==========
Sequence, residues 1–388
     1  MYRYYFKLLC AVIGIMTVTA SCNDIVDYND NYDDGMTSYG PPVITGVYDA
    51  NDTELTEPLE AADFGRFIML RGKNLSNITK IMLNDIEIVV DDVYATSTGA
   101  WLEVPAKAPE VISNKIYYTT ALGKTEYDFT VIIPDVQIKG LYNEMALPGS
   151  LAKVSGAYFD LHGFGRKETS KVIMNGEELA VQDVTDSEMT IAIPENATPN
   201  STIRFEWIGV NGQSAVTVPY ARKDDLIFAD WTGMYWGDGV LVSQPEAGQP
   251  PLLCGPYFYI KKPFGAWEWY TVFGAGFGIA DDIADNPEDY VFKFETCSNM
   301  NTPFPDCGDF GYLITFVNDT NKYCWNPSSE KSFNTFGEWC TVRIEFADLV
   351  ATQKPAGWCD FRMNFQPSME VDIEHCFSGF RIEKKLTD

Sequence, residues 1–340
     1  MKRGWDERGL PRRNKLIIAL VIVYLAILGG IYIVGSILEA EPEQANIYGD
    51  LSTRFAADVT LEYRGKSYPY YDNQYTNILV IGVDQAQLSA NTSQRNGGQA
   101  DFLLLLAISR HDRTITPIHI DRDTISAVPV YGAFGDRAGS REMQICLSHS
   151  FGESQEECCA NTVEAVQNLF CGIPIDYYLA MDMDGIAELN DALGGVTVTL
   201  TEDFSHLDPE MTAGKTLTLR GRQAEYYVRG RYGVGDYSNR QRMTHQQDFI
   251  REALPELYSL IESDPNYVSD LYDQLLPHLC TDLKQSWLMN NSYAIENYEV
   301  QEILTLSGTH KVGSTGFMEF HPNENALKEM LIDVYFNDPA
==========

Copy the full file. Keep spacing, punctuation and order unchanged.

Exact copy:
Sequence, residues 1–388
     1  MYRYYFKLLC AVIGIMTVTA SCNDIVDYND NYDDGMTSYG PPVITGVYDA
    51  NDTELTEPLE AADFGRFIML RGKNLSNITK IMLNDIEIVV DDVYATSTGA
   101  WLEVPAKAPE VISNKIYYTT ALGKTEYDFT VIIPDVQIKG LYNEMALPGS
   151  LAKVSGAYFD LHGFGRKETS KVIMNGEELA VQDVTDSEMT IAIPENATPN
   201  STIRFEWIGV NGQSAVTVPY ARKDDLIFAD WTGMYWGDGV LVSQPEAGQP
   251  PLLCGPYFYI KKPFGAWEWY TVFGAGFGIA DDIADNPEDY VFKFETCSNM
   301  NTPFPDCGDF GYLITFVNDT NKYCWNPSSE KSFNTFGEWC TVRIEFADLV
   351  ATQKPAGWCD FRMNFQPSME VDIEHCFSGF RIEKKLTD

Sequence, residues 1–340
     1  MKRGWDERGL PRRNKLIIAL VIVYLAILGG IYIVGSILEA EPEQANIYGD
    51  LSTRFAADVT LEYRGKSYPY YDNQYTNILV IGVDQAQLSA NTSQRNGGQA
   101  DFLLLLAISR HDRTITPIHI DRDTISAVPV YGAFGDRAGS REMQICLSHS
   151  FGESQEECCA NTVEAVQNLF CGIPIDYYLA MDMDGIAELN DALGGVTVTL
   201  TEDFSHLDPE MTAGKTLTLR GRQAEYYVRG RYGVGDYSNR QRMTHQQDFI
   251  REALPELYSL IESDPNYVSD LYDQLLPHLC TDLKQSWLMN NSYAIENYEV
   301  QEILTLSGTH KVGSTGFMEF HPNENALKEM LIDVYFNDPA